Facing uncertain job prospects and mounting bills after the January closure of the Hyde Park Co-op Market, a group of former employees of the defunct grocer met Friday night at the inaugural meeting of Get It Together, an organization aimed at locating support services and community members willing to help the recently unemployed.
“I just got an idea that there was a need to find out how the workers’ struggle was proceeding,” said Jay Mulberry of the Hyde Park Cooperative Society, one of the group’s co-founders. “We are not experts at employment, but our concept is by working with individuals to set up a system to get employees what they need.”
Despite an advertising campaign limited to a website posting and a few phone calls, the meeting was well attended. Former employees seeking to voice their discontent met a chorus of concern from Co-op members hoping to aid the workers’ search.
Amelia Tucker, union representative for former Co-op employees, took to the microphone stressing the importance of quickly developing a support structure. According to Tucker, few employees received sizable severance packages.
She said that part-time workers and those who had worked there for less than a year were let go with nothing, and workers who had been employed between one and five years received one week of severance. Those with employment histories between five and 10 years received two weeks’ pay, and even those with more than 35 years landed a maximum of five weeks’ wages. Tucker said that these statistics put exceptional pressure on the timeline for action.
Tucker also expressed concern that Treasure Island, slated to replace the Co-op at the end of February, is not a union store. She proposed plans to work with the community to unionize the chain’s forthcoming branch in Hyde Park.
“We are drafting a letter to Treasure Island to recognize the union. This is where the community can really play an important role if they say they won’t shop in a non-union store,” Tucker said.
While a few former employees have found work at other local stores, a survey of the employees present at the meeting dispelled the rumor that the majority of former employees have already found jobs.
Marcella Rankins, an employee of 28 years at the Co-op, was among the fortunate. She was hired temporarily by the AFL-CIO as a peer counselor responsible for calling unemployed individuals and reminding them to meet with a career counselor to match them with employment.
“When they offered me the job, I took it. I couldn’t imagine not working,” Rankins said. “It was like being knocked off my feet. Just two months before, I had taken out a $6,000 loan to fix my roof, and I needed to keep working so I could continue to pay off the loan.”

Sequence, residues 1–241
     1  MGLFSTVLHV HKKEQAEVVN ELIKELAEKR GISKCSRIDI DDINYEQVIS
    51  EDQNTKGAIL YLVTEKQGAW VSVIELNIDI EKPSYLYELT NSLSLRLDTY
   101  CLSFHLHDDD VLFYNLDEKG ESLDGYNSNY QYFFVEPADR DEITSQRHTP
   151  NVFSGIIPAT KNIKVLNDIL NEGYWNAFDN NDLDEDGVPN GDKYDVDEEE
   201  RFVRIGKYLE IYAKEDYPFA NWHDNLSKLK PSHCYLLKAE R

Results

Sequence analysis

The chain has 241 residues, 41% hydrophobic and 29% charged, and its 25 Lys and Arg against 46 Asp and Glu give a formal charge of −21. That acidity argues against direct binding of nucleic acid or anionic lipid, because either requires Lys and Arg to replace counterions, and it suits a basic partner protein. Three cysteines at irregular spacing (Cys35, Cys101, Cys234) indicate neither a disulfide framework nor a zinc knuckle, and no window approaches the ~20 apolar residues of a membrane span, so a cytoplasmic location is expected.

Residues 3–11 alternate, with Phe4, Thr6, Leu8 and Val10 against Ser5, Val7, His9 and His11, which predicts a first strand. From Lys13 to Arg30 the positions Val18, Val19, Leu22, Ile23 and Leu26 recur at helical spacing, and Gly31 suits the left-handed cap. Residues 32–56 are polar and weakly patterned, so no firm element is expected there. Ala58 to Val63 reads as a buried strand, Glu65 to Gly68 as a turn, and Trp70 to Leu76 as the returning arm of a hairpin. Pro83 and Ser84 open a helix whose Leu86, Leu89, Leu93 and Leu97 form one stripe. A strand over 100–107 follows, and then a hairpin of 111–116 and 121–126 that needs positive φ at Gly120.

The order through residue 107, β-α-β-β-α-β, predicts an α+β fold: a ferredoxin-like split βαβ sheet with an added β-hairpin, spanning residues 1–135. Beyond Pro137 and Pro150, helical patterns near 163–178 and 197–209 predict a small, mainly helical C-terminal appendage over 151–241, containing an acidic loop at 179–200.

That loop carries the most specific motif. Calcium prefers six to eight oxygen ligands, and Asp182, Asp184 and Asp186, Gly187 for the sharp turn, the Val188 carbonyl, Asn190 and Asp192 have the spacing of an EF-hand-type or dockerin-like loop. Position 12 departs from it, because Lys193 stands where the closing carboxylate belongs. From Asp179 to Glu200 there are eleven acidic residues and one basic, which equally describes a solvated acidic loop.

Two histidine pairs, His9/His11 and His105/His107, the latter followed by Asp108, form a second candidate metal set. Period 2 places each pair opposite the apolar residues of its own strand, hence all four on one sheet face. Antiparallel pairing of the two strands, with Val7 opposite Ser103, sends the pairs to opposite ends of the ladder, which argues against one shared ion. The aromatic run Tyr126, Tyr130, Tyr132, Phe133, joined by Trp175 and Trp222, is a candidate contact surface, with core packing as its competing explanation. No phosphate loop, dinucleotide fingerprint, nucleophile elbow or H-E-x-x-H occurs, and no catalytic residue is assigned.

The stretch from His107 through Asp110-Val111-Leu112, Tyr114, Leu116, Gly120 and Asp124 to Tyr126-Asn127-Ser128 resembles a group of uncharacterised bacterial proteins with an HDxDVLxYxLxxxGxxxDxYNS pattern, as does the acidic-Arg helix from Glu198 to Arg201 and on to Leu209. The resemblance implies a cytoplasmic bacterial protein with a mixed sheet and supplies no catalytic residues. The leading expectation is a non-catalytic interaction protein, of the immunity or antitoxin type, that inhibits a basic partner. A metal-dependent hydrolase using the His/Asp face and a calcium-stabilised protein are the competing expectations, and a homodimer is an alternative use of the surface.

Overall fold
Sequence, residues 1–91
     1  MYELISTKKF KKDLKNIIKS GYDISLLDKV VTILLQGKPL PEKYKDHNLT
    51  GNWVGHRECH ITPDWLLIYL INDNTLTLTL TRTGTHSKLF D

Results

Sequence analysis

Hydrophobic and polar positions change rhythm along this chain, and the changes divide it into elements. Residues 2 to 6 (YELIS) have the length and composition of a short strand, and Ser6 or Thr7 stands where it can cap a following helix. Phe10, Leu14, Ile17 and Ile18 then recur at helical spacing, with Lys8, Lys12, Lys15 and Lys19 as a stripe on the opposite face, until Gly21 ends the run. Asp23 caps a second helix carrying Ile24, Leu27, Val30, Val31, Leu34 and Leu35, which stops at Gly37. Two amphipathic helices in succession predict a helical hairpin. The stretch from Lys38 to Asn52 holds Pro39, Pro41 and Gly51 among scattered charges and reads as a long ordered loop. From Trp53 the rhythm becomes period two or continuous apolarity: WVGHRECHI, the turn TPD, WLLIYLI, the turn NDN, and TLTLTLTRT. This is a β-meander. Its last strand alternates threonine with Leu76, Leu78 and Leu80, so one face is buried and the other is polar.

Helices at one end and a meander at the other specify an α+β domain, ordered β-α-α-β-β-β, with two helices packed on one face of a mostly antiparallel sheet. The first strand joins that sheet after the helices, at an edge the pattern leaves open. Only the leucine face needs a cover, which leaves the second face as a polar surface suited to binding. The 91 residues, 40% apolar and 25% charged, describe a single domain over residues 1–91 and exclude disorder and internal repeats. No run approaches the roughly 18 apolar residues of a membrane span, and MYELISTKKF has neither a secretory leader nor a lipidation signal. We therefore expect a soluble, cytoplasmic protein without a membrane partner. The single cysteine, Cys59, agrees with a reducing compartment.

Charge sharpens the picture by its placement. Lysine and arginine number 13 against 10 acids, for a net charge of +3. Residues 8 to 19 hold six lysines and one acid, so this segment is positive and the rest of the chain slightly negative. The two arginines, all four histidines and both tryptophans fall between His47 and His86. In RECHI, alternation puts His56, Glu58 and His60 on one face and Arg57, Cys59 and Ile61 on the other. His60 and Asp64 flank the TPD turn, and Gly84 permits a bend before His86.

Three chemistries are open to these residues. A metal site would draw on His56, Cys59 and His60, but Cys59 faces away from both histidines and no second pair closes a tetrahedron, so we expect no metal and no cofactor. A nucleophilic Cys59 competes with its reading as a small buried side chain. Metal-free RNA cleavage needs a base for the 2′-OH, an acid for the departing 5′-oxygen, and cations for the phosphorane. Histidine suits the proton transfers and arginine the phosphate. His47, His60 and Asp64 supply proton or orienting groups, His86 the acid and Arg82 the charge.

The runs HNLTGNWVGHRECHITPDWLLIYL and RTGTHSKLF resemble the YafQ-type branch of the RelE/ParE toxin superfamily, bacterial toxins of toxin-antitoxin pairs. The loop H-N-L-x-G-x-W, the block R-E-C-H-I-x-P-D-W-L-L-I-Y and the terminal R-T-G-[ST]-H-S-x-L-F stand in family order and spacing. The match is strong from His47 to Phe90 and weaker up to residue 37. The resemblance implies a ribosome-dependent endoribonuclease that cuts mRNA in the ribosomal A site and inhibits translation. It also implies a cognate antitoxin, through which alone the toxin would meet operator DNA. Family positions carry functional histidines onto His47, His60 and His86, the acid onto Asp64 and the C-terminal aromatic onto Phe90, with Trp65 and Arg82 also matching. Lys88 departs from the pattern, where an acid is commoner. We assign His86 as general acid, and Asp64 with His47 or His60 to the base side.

Amid discussion of the harsh realities of unemployment, community members and employees alike took time to express nostalgia for the Co-op as a welcoming community centerpiece.
“Anytime you work with someone for 10 to 15 years, you become like a family,” Rankins said. “You see them every day, sometimes even more than you see your actual family. The last day we were all hugging, not sure of when we were going to see each other again. I went to the Co-op today and I felt a sense of dread. But there is life after the Co-op,” she added.
Ron Harris, a 45-year veteran employee of the Co-op, said he is yet to be hired but finds comfort in the community.
“I just walk through Hyde Park Produce and it is like an echo chamber of support,” he said.
Despite vocal support from the Hyde Park community, an overriding theme of the evening was frustration.
“You go through all the applications processes and you are still waiting,” said Stephanie Norris, a former part-time employee of the grocer.
For many of the Co-op’s former workers, discussion with Treasure Island has been a source of disappointment. Several prospective workers at Treasure Island said that the many interviews with the new grocer have yielded few results. Although a few individuals were hired by Treasure Island, the vast majority have yet to be contacted.
“I was led to believe that there was going to be a second interview, but I have yet to hear back from them,” said Thomas Alexander, who worked at the Co-op for 22 years.
In It Together’s next steps will involve developing a comprehensive list of Co-op employees in order to get a sharper picture of the situation, Mulberry said. The group has launched a blog where employees can share advice on where to find jobs and introduce people to the Craigslist forum and other job sources. The group is planning to meet with the area aldermen to find out what social services are available through their offices.
The University student organization SOUL (Student’s Organizing United with Labor) is also working to expedite In It Together’s efforts.
SOUL asked attendees at the meeting to sign a letter against the University’s selection of Treasure Island based on its non-union status.